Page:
Levels of violence rose in Iraq last week. AKE documented more incidents than in any other seven-day period since the March 2010 elections. At least 137 people were killed and 307 injured in nationwide attacks. This is the highest figure recorded in any week since May 2010. Over the course of the week a total of 88 separate non-suicide bomb attacks left 107 people dead and 287 injured. Two additional suicide bombings left at least four people dead and nine injured. A high number of small arms fire attacks left 23 people dead and 11 injured.
A spate of bombings, shootings and mortar attacks swept much of Iraq on 13 June, hitting cities from Mosul in the north to Basrah in the south, although the majority took place in the central provinces. AKE documented at least 52 separate incidents, 24 of which took place in the ethnically and religiously mixed province of Diyala. Other hotspots included Anbar province and Baghdad. The attacks came as Shi’ah worshippers gathered to commemorate the death of Imam Musa al-Kadhim. They also came after several attacks on Shi’ah interests over the past month.
The northern city of Mosul saw numerous attacks last week, many of which took place on 13 June along with incidents elsewhere in the country. Kirkuk was quieter although incidents persist. The Turkish military has also increased its bombing of suspected PKK targets in the mountains of Dahuk province. This is likely in retaliation for recent clashes on Turkish territory which have left several soldiers dead. However, the majority of business interests in Iraqi Kurdistan will remain unaffected by the operations.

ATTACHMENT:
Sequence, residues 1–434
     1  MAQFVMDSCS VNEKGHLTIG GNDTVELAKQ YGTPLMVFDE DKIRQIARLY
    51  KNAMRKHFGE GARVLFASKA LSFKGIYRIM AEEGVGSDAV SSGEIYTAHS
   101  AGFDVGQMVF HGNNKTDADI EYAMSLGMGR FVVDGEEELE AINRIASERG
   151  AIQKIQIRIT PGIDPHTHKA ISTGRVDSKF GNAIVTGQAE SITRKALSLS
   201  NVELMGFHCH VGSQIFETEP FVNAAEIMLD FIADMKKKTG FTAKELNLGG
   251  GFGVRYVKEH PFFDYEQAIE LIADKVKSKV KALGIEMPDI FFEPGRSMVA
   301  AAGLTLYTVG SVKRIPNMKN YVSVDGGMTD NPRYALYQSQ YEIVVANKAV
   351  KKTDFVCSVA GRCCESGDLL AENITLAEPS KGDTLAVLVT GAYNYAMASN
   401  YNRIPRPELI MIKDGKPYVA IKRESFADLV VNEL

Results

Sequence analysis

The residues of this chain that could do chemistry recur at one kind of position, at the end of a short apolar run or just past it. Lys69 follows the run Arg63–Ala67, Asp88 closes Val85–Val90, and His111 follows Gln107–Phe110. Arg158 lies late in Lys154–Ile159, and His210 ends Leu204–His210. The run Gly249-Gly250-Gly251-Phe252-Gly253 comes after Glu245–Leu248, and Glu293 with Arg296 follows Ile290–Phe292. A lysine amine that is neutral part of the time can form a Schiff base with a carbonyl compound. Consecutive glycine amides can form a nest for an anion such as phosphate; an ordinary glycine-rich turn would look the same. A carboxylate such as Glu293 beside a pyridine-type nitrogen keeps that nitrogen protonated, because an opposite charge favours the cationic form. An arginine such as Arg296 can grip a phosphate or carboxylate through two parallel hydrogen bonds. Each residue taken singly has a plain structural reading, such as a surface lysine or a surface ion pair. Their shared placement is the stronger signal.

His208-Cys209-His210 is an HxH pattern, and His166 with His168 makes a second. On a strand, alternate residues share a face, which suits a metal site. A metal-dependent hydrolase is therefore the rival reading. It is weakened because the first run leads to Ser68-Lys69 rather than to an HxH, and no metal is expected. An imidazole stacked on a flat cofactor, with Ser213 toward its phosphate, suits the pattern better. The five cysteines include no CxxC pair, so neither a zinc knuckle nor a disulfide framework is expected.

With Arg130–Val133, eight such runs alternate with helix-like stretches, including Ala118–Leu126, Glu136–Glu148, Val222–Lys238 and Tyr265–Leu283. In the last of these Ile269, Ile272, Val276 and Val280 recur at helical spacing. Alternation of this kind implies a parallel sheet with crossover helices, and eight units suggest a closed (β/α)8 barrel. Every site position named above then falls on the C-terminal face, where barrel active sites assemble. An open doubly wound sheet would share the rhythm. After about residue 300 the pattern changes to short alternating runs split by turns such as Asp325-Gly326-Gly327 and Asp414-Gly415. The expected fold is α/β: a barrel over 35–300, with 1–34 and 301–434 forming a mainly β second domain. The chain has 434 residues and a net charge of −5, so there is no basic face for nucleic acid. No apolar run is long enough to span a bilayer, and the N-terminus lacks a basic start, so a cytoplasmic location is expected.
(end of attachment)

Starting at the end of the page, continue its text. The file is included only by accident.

Most of the violence was concentrated in the central region last week, particularly around Diyala province. It was also the most targeted region during the co-ordinated attacks on 13 June. In general the provinces with large Sunni populations were the ones most affected, while the majority of targets were related to the security forces or either the Shi’ah or Kurdish community.
The south of the country saw a slight increase in the number of attacks reported last week. Even the normally quiet province of Muthanna saw at least one incident. Basrah was hit as part of the aforementioned 13 June attacks. Otherwise, however, the majority of southern violence appeared to involve rival militia groups using intimidating tactics against one another. Foreign companies remain somewhat distant from the current trend but if conditions escalate it could prompt a considerable rethink in current operating procedures in the region.
John Drake is a senior risk consultant with AKE, a British risk mitigation company working in Iraq since 2003. You can access AKE’s intelligence website Global Intake here, and you can obtain a free trial of AKE’s Iraq intelligence reports here.